Learn to Make Folding Tomato Cages

Here's an easy DIY plan for sturdy folding tomato cages.  

| February/March 2005

I made the first version of these cages in 1988 out of cheap wooden boards, and with a little patching, I have used them ever since. With added rungs, the cages also can be used for cucumbers or similar vegetables, or you can add strings and use them for peas or pole beans. Not only do they work extremely well, they also add interesting height and structure to your garden beds.

Materials List

Six 1-by-3-inch wooden strips measuring 8 feet long
A 2-by-4-inch piece of scrap board measuring 8 inches long, for the top section that will serve as the pivot point where the two “ladders” hinge
Two 3-inch deck screws
About 30 1 1/2-inch galvanized deck screws

1. Cut two of the 8-foot 1-by-3s to make the pairs of rungs of your tomato “ladder.” Cut the first two rungs to 21 1/2 inches long; the next two to 19 1/2 inches; then 17 1/2 inches. Also cut two 20-inch boards for the braces that will stabilize the sides of the ladder.

2. Next, lay out two of the 8-foot strips (for the legs of the ladders) on each side of the 8-inch 2-by-4 that is the top of the “ladder.” First, drill pilot holes into the legs, then connect the legs on each side with a 3-inch deck screw screwed into each end of the 2-by-4, creating the pivot point, so you can spread the legs out later.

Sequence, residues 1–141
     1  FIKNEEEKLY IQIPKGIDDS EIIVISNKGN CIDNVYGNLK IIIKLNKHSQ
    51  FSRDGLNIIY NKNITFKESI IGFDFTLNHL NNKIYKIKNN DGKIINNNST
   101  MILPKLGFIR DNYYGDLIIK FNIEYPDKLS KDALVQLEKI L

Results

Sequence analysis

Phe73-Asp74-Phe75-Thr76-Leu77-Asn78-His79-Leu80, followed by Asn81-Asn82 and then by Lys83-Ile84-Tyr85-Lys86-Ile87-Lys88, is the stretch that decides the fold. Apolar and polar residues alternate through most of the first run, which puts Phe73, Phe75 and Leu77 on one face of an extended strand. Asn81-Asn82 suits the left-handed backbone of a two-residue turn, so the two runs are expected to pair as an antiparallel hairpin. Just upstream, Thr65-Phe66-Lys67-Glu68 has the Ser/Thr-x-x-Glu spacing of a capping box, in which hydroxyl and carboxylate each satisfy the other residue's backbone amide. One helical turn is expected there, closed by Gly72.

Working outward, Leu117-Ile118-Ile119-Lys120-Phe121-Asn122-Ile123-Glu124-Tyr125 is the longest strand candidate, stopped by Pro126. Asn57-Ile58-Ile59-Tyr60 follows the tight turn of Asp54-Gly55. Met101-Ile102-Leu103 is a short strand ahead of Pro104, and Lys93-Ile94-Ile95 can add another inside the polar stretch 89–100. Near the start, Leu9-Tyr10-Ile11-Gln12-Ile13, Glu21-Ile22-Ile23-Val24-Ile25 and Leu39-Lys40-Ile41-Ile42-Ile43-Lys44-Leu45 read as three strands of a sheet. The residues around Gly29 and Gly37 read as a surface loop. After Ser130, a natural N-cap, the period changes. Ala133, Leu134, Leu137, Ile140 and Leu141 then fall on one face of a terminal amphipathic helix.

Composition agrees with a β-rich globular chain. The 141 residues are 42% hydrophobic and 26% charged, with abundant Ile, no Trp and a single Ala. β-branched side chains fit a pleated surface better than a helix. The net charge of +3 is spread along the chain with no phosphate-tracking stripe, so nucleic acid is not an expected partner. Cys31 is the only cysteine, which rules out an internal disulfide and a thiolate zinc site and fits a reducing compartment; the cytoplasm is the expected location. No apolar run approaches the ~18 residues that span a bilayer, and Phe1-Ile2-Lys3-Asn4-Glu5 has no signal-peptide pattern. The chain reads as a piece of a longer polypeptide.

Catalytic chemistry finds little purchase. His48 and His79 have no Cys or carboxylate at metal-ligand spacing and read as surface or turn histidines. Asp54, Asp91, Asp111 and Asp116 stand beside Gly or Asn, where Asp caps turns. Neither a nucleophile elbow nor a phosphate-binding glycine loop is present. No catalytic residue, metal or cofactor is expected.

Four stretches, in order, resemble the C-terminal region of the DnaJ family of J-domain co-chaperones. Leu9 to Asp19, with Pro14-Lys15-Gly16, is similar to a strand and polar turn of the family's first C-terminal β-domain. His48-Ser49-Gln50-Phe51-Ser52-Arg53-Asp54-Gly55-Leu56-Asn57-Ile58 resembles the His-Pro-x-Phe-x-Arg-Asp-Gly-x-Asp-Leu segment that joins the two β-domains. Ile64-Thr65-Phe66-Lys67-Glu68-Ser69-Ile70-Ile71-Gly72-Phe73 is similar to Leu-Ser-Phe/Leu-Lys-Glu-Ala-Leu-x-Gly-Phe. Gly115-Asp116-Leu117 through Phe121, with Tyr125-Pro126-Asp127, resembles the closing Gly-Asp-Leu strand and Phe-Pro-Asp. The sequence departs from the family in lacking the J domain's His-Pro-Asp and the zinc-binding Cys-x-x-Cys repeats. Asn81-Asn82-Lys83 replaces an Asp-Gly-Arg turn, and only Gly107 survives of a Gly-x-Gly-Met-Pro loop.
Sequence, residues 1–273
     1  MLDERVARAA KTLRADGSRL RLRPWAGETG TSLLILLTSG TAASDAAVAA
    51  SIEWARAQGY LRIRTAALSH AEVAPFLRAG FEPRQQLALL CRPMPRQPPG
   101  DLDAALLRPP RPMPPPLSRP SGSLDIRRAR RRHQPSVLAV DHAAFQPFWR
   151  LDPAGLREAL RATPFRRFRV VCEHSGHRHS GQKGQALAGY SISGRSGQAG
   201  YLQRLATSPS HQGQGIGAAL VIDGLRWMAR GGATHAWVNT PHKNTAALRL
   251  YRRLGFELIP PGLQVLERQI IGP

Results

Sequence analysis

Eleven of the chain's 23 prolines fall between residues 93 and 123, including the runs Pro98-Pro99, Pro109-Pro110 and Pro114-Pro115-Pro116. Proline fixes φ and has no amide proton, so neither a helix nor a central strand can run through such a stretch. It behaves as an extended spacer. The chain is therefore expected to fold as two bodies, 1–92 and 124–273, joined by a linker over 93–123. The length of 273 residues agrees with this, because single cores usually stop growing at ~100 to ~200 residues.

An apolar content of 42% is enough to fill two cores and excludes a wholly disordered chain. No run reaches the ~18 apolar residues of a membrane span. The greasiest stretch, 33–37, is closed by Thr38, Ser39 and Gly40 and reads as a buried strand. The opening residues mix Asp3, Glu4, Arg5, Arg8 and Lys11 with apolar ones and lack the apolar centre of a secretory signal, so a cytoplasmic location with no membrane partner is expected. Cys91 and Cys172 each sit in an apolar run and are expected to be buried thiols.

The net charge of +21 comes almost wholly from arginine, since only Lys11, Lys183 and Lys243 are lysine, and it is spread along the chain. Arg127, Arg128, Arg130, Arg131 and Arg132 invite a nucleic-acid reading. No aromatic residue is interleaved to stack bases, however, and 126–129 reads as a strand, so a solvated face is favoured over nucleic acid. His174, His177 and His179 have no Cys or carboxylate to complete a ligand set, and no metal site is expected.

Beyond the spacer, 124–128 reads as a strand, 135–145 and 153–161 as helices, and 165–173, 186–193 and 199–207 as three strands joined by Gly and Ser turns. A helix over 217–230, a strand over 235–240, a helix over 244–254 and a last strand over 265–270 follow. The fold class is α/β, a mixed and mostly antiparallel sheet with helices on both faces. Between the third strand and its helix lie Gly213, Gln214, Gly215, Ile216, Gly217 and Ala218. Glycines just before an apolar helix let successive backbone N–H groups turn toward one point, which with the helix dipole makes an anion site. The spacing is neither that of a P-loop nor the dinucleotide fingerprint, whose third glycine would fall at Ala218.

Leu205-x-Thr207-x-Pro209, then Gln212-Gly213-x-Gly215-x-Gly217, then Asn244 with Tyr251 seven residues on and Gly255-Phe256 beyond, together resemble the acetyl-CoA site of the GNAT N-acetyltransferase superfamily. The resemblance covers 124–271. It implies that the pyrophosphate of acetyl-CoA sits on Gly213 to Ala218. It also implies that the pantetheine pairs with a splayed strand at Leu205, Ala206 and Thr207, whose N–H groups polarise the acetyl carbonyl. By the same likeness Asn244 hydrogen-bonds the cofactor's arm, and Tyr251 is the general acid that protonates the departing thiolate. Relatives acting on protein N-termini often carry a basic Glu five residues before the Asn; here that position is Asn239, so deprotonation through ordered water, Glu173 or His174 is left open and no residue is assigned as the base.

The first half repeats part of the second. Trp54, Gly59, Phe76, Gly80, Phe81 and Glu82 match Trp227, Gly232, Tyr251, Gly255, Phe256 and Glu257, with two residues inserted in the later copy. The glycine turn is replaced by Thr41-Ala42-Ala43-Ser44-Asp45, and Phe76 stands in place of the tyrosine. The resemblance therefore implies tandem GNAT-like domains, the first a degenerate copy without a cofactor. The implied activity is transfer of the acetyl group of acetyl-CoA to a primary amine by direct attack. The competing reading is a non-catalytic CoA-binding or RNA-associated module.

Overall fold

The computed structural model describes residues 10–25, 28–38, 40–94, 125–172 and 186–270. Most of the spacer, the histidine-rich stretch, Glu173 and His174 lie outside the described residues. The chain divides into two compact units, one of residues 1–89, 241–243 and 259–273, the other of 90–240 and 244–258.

3. Lay out the rungs, with the longest near the bottom.rilling pilot holes first, screw on the 21 1/2-inch board at 7 inches from the bottom on the outside of the uprights, then repeat with the 19 1/2-inch board at 12 inches from the first rung, then the 17 1/2-inch board at 15 inches from the second rung. This will make the base of the stand wider than the top, allowing the structure to stand.

4/21/2012 9:59:12 AM

but this looks great to for pole beans. i am going to try this

4/21/2012 9:57:56 AM

i use sections of fence to make tomato cages

6/18/2011 6:28:19 AM

I have been using livestock panels for years since I had several laying around the farm after tearing down some fencing. I use them for any plant that needs support to include grapes. With t-posts, this fencing will support any garden plant and stands up to high winds. This past year I used panels to create a few arbors and am looking forward to see all those cucumbers, squash and melons hanging down. Next year I will consider using a panel for a greenhouse. Great idea. I will add to this discussion that these panels are great to fence in your compost. They are easy to build, last longer, air circulates better and you have plenty of places to tie down tarp or landscape fabric if desired. Mine are 16 long and 10 wide.

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